One of the nice things about Townsville is the network of parks threading through the suburbs. Some of them seem to have no particular reason for existence until the wet season arrives and they become floodways for a day or two, but the most important network is associated with Ross River: the parkland along its banks is almost continuous from the Dam down to the city, and bike paths run through most of its length.
Most of my photography is documentary rather than artistic in that I am trying to take clear, self-explanatory photos of my subjects – insects, spiders, birds and so on – for scientific purposes rather than beautiful and evocative shots. It would be lovely if I could do both at once, of course, but I can’t choose location and lighting or ask my subjects to pose for me and clarity is my primary goal.
Sometimes everything comes together and I end up with attractive and entomologically interesting shots, and other times I find myself with attractive shots which have no great scientific interest, such as these three. The top one was taken in October and shows a common (European) honeybee feeding on a common aquatic plant. The Water Snowflake (Nymphoides sp.) is part of a large family of waterlily-like plants whose leaves float on the surface of the water while the roots are anchored in mud below.
Maiden’s Blush, as I have said before, is much hardier than its name or appearance suggest. This one is flourishing in full sun beside Ross Creek (I took a photo of a butterfly on it back in May – click here to see it and read more about the park).
When I stopped there a week before Christmas the white mangroves along the creek were in full flower and I took several photos of them. It wasn’t until I got home and saw them at full size on the computer screen that I realised I had taken a photo of a tiny fly as well.
I have been thinking about photography in more general terms lately because I spent a lot of time preparing a series of my non-wildlife photos for a gallery exhibition and then putting it on a virtual gallery here on Green Path. I have medium-term plans to add galleries of wildlife photos, chosen for their attractiveness more than their usefulness; meanwhile, the general offer here will have to suffice.
When we returned from our holidays, just three weeks ago now, we came back to winter weather. The whole town looked dry – any grass that hadn’t been watered regularly was dry and brown, and shrubs and trees looked parched. Townsville does tend to look dry compared to most places, most times, but more so in winter because we can go months without significant rain. This year, for instance, we had 30 mm in May but have had only 5 mm in the two months since then. There have been grass fires as usual; notice the burnt area of riverbank in the foreground of the photo above.
I took that shot from parkland near Ross Creek, a spot I have previously posted about here and here. Here are more from that visit two weeks ago:
We are seeing more birds as they move from inland areas towards the coast. The flock of cormorants above is a bit unusual in two ways: there are a lot of birds and they are all of the same species, Little Black Cormorants, Phalacrocorax sulcirostris. They are more commonly seen in mixed flocks with Pied Cormorants, Darters, etc. When I got too close to this lot, they went for the safety of the water:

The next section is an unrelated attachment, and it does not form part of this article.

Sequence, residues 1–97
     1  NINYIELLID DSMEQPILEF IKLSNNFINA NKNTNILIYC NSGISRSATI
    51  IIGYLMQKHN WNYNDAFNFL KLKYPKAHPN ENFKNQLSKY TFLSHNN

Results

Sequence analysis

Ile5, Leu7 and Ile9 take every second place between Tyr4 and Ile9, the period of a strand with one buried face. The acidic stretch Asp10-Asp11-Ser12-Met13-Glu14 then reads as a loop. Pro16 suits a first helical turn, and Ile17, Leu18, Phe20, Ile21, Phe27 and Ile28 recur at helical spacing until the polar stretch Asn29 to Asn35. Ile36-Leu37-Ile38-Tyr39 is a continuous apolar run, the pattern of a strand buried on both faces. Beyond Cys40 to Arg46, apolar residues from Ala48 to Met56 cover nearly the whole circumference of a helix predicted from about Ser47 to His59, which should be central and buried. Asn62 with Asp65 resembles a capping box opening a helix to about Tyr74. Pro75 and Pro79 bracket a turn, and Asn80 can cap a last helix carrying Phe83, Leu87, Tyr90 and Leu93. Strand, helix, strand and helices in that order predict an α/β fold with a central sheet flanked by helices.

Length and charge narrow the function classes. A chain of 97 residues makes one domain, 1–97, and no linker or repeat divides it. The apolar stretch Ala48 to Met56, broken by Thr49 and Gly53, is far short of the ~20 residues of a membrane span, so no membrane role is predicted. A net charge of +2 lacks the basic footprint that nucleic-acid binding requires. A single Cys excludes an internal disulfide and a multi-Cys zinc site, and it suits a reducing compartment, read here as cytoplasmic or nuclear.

There was also a flock of pigeons, doing exactly what they evolved to do in the environment they evolved to inhabit – foraging for grain in grassland. It’s a much better place for them than urban roof-tops and window-ledges!
The highlight of Thursday’s stop-over was actually nothing to do with insects but was discovering a pair of Red-tailed Black Cockatoos (Calyptorhynchus banksii, aka C. magnificus) feeding on the fruit of a Sea Almond tree (Terminalia catappa) in the park. The male, distinguished by bright red patches under the tail and pure black feathers around the head, immediately flew up to a nearby power-line but his mate, hungrier or braver, stayed in the tree and from only a couple of metres away I watched her pick a green fruit and munch through the whole thing.
There’s another photo of a female here, just to prove females do have crests.
There are six species of large black cockatoos in Australia, according to Slater’s Guide, but this is the only one found in North Queensland except for the Palm Cockatoo which is restricted to northern Cape York and, as this photo on Birdway shows, is distinctive enough not to be mistaken for our local species.
Here are a couple of photos of a bird that was new to me at the time, a Striated Heron, Butorides striata.
Ian Montgomery of Birdway, who was kind enough to identify it for me, mentioned that it is rather similar to a Black Bittern (my first guess) and that Striated Herons are often more reddish brown in NQ than elsewhere.
I took these photos eighteen months ago but mislaid them. In the circumstances, a further delay of a couple of weeks doesn’t seem to matter so I have set up this post (and a few more) to appear automatically while I am away on holiday, discovering unfamiliar parts of SE Asia.